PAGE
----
9. Definitely not for little girls, but it is a smart and thoughtful book in addressing how women, still, are socialized to “be nice” when being safe can mean being “rude” — not replying to someone who’s “simply” trying to talk to you or running away or even creating a noisy scene if we feel endangered.

    I’d rather be alive and rude…

    • “I’d rather be alive and rude…”

      Amen! You can always apologize later if it turns out you were wrong to be afraid in a situation. If you’re right – you might not be around to regret being nice.

  10. Mark, one of the things that criminals do to women to gain their trust is called “forced teaming” — “Hey, can I help you carry those groceries?” (into the closed vestibule of your apartment building for example, where you are more vulnerable than on a brightly lit street with cars and passers-by.) How could you say not to someone who appears to be simply helpful? It’s hard to know, but knowing that’s a tactic is useful in itself.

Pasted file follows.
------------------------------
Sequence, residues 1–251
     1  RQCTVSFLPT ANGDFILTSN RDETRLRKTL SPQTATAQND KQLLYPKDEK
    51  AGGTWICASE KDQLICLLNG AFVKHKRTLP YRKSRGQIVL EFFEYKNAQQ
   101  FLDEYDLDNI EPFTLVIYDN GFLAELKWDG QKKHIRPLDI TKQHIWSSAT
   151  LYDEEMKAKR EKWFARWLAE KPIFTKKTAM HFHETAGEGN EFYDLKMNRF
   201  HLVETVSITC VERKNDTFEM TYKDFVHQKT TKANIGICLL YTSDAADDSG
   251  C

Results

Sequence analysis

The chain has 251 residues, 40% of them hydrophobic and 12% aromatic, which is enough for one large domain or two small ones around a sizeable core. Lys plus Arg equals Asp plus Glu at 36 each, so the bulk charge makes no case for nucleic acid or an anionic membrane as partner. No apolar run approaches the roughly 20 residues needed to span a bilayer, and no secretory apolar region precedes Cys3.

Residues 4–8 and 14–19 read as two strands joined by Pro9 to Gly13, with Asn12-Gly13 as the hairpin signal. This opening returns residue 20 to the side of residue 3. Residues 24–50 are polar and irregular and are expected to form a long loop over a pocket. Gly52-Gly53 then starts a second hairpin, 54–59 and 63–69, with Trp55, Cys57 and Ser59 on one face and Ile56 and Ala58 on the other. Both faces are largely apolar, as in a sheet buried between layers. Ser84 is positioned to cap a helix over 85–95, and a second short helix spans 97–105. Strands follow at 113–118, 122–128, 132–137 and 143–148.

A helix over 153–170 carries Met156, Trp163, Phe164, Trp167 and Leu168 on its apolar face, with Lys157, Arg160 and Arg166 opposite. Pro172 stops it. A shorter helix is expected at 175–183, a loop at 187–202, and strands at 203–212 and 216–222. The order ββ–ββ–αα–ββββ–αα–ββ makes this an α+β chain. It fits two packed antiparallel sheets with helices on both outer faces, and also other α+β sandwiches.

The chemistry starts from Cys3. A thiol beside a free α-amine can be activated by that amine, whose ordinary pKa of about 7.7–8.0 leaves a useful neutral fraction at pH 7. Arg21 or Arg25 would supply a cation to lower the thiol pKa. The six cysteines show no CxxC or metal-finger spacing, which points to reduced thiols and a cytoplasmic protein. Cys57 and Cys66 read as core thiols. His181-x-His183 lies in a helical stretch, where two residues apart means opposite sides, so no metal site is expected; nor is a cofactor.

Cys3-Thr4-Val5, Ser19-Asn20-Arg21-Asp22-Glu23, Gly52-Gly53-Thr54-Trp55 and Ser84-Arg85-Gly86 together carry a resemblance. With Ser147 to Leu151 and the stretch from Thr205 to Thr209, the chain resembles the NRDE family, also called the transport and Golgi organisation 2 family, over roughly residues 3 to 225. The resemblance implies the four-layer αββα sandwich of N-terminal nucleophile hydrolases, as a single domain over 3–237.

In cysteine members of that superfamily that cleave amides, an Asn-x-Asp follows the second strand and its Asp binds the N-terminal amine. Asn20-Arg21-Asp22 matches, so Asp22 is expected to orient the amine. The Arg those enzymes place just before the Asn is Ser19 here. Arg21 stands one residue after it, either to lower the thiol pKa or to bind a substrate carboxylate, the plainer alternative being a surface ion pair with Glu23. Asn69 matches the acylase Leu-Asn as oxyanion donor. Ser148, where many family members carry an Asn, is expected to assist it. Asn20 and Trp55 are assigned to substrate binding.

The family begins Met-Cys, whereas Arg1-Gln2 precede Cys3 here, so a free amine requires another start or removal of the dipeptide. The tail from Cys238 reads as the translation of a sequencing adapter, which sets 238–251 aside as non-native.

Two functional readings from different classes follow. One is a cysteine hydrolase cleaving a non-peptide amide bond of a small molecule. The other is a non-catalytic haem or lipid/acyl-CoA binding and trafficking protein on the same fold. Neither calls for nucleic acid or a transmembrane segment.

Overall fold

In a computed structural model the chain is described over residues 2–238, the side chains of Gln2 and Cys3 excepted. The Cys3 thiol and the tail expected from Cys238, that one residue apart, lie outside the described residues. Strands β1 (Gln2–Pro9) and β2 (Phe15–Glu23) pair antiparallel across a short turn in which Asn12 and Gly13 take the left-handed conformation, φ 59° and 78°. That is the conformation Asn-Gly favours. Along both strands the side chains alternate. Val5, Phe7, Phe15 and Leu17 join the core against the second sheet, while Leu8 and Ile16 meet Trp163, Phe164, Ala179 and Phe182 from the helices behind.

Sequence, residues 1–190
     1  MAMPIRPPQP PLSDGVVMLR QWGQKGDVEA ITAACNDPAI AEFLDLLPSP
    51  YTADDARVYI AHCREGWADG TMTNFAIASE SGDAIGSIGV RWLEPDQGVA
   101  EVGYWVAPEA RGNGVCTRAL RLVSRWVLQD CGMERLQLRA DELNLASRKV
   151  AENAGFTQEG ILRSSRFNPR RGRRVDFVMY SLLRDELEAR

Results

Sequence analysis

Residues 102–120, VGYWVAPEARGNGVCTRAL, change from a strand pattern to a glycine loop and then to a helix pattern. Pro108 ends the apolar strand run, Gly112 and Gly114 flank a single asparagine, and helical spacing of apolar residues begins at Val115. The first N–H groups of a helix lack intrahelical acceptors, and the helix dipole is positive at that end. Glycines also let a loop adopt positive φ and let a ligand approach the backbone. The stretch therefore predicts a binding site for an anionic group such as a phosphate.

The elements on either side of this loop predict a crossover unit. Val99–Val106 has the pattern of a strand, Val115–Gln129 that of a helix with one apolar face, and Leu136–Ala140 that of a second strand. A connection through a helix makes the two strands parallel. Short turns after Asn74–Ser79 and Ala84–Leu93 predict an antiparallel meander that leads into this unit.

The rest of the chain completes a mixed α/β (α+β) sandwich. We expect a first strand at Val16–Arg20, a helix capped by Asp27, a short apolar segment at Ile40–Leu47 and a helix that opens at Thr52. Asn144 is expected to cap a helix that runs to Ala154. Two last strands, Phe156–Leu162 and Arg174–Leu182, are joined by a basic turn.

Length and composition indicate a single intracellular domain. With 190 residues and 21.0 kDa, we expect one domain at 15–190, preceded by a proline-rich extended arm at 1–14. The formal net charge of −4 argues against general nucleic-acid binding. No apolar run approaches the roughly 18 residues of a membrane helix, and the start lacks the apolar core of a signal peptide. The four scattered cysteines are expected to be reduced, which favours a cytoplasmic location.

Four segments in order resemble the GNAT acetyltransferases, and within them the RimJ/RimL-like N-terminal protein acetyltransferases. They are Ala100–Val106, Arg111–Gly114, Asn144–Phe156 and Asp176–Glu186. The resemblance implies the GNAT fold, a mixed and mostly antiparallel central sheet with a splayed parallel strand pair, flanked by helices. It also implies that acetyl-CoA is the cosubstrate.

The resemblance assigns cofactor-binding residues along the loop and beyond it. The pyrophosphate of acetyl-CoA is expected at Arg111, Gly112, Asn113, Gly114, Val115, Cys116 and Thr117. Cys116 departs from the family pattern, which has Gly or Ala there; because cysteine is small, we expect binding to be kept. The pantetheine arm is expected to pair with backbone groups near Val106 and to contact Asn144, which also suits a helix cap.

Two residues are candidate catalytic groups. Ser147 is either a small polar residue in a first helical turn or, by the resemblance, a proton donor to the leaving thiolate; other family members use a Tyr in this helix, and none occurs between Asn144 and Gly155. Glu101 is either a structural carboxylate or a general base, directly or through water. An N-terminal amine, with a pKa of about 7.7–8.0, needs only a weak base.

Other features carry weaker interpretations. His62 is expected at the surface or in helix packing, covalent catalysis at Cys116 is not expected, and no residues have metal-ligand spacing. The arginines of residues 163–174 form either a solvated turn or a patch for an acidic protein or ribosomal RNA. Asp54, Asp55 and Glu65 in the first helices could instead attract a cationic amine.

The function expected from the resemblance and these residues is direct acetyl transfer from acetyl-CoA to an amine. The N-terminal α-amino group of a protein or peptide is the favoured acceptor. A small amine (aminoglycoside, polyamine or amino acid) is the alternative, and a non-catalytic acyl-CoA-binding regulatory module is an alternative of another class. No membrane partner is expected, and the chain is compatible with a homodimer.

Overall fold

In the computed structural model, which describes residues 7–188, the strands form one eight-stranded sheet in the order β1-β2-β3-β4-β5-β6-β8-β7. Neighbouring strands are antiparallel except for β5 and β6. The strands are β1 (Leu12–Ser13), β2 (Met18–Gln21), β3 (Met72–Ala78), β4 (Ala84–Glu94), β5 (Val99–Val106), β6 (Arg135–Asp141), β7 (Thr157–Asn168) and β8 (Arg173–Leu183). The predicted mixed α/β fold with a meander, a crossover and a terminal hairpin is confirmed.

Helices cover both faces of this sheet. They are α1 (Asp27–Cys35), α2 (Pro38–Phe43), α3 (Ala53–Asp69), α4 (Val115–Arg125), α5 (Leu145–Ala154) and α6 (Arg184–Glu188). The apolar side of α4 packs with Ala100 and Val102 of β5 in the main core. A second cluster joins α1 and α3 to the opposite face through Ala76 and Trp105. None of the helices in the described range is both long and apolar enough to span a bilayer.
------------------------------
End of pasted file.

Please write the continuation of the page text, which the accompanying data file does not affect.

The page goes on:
11. Scott, that’s my point exactly. The criminal who ensnared me alternately played on my sympathy or showered me with “affection” and unwanted gifts and help. Very few people would refuse to help someone who appears to be in pain or ungraciously refuse what appears to be kindness. Then you — talk about a mind-f…k — feel like you’re doing something wrong. The manipulation is quite impressive.